Did you know that not all cancer cells are equally aggressive. Researchers from The Lund University, located in Sweden, have discovered that some cancer cells can accumulate fat droplets, which appear to make them more aggressive and increase their ability to spread. A cancer tumor interior is a hostile environment with oxygen deficiency, low pH levels and lack of nutrients.
Those that manage to survive in this environment are called “stressed cells” and considered to be more aggressive.
A research group headed by Profession Mattia Belting recently published an article about a possible way to deliver chemotherapy drugs into these cells. Another research track that they have been pursing for several years report new findings concerning the similarities between stressed cells and fat cells.
Stressed cells go into a resting phase in order to survive inside the tumor. They can still accumulate fat droplets but then become inaccessible to radiation and chemotherapy. A very small percentage of the cancer cells that enter the blood stream are capable of forming metastases. It is believed that it is the cancer cells that are similar to fat cells that are most capable of forming metastases. Either fat deposits for energy can be used to build their cell membranes or to manufacture signal substances. They can also do all of this at the same time.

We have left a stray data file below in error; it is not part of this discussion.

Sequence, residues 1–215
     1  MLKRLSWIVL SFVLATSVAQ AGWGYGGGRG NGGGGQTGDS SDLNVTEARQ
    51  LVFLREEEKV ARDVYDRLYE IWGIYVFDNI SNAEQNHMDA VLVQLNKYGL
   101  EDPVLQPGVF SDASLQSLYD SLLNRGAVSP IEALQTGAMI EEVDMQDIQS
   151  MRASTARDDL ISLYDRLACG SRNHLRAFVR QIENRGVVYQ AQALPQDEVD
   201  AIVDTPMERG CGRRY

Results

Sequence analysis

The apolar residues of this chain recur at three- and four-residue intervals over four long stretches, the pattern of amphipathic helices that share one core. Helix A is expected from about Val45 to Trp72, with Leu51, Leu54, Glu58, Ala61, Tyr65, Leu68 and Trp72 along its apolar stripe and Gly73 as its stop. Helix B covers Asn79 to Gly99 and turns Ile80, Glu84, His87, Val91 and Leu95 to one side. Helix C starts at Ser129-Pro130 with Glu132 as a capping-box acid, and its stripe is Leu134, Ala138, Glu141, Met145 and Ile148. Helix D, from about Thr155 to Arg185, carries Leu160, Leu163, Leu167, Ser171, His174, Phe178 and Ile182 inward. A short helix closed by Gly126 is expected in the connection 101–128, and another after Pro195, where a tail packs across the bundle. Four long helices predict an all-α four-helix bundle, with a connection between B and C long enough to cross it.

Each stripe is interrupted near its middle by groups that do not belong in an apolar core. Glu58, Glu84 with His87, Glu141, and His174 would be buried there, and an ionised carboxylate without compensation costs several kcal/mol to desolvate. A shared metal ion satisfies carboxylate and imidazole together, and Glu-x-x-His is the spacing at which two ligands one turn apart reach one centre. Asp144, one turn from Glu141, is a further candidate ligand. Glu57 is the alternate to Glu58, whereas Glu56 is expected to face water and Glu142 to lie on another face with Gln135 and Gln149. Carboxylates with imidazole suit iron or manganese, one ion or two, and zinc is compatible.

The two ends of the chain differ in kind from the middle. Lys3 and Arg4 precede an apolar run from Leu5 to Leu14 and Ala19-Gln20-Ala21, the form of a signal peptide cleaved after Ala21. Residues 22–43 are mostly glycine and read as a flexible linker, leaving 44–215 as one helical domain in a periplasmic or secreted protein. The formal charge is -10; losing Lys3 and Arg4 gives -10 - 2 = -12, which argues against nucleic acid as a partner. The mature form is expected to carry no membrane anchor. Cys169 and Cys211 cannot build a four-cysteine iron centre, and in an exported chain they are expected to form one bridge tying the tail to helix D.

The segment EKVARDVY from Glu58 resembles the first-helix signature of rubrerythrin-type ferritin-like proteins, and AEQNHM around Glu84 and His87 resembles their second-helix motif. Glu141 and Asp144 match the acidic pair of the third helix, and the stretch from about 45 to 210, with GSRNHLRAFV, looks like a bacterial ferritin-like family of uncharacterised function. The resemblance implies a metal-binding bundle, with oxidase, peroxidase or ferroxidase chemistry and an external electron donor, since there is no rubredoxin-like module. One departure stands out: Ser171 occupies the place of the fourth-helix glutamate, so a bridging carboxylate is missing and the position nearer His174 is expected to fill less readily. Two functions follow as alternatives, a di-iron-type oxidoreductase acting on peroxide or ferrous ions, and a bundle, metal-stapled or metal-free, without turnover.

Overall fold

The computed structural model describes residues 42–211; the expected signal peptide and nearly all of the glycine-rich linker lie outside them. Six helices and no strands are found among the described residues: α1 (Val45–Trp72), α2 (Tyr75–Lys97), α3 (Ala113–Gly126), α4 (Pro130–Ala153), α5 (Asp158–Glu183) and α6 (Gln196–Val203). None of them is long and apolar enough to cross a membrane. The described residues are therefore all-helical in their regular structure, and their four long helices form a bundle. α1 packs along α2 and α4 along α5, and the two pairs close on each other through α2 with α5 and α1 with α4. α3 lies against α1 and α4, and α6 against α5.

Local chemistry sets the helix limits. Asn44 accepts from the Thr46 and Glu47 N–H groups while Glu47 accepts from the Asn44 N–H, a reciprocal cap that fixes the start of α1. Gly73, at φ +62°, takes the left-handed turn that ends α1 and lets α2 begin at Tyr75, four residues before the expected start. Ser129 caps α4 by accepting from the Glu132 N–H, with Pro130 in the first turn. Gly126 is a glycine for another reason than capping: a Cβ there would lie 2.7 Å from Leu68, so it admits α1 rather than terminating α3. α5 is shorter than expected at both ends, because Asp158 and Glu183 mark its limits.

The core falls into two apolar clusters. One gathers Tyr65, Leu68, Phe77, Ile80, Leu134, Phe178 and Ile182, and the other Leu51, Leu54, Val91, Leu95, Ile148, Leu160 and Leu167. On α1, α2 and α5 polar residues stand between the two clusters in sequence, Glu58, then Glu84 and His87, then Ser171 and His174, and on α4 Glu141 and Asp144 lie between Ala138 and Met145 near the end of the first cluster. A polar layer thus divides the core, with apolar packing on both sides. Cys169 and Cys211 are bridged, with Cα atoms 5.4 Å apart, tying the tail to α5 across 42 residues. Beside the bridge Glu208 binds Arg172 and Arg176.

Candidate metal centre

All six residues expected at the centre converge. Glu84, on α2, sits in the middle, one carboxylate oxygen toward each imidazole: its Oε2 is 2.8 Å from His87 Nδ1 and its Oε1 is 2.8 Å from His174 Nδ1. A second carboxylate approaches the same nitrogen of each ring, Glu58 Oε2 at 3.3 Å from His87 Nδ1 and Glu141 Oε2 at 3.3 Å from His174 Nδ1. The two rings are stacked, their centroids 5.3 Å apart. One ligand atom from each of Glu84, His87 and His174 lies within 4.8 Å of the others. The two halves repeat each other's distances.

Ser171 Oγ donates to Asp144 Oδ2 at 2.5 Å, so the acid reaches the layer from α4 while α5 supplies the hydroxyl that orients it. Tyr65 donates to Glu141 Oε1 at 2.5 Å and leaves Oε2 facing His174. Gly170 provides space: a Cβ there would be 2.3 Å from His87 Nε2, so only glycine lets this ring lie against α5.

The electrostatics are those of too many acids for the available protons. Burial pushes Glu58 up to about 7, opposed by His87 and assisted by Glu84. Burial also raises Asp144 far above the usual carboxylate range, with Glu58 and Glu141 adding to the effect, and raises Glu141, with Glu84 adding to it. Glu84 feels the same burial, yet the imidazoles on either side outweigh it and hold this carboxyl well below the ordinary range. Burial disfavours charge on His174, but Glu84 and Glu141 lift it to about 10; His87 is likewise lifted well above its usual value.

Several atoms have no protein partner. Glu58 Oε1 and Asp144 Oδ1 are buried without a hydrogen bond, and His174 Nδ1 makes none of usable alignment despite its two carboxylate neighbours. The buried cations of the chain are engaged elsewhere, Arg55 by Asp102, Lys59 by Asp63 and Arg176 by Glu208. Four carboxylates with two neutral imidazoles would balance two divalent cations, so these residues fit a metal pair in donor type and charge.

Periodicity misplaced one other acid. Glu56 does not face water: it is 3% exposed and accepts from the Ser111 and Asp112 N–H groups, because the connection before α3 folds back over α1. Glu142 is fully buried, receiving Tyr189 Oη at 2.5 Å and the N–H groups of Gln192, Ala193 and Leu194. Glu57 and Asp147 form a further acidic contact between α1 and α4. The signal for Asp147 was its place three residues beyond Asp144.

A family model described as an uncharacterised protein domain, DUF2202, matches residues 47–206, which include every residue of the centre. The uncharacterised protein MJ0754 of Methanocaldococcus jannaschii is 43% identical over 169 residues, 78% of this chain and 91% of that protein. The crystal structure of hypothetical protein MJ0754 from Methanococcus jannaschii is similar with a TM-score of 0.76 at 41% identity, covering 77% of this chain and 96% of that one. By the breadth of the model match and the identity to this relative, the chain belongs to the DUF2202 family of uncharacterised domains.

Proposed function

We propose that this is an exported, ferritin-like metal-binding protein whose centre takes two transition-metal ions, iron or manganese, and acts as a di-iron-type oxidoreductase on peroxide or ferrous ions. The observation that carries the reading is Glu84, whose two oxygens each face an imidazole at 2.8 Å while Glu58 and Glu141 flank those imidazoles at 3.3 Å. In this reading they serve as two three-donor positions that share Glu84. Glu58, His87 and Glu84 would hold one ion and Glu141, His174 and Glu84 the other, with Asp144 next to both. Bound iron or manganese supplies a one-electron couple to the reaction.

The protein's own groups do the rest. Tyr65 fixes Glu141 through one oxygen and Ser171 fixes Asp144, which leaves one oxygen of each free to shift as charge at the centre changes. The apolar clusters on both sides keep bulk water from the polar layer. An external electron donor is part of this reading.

The new information can be used to fight the spread of cancer cells, which is the cause of most cancer-related deaths. After learning more about how the stressed cells accumulate fat reserves, they can be prevented from acquiring this additional energy. Several clinical studies investigating the effect of heparin against cancer are already underway.
Heparin, a known anti-thrombotic drug may have this effect. Not only does it have the capacity to dissolve blood clots, but it can also reduce cancer cells’ uptake of fat particles.
There is an article published in Cancer Research, that has pictures from patient samples that show cancer cells similar to fat cells which are located in those parts of a tumor where there is oxygen deficiency, where the cells are stressed. Also, the connection between fat and cancer is consistent with the fact that obesity involves an increased risk of developing certain types of cancer. Persons who are obese have more fat particles in their blood that could become accessible to the stressed cancer cell. Those tumors in obese patients can be more aggressive.
-Dr Fredda Branyon